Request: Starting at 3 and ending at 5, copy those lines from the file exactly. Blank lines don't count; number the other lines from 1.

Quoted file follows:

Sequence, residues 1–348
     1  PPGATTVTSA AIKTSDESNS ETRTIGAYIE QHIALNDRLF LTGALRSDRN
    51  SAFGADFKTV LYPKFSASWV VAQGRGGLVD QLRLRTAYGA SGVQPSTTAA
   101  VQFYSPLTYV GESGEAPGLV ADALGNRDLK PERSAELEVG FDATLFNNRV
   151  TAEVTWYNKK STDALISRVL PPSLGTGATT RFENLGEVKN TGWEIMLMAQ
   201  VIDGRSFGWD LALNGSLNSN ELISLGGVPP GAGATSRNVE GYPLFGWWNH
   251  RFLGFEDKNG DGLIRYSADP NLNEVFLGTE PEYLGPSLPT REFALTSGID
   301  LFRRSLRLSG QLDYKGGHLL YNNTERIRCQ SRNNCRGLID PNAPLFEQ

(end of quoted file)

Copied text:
    51  SAFGADFKTV LYPKFSASWV VAQGRGGLVD QLRLRTAYGA SGVQPSTTAA
   101  VQFYSPLTYV GESGEAPGLV ADALGNRDLK PERSAELEVG FDATLFNNRV
   151  TAEVTWYNKK STDALISRVL PPSLGTGATT RFENLGEVKN TGWEIMLMAQ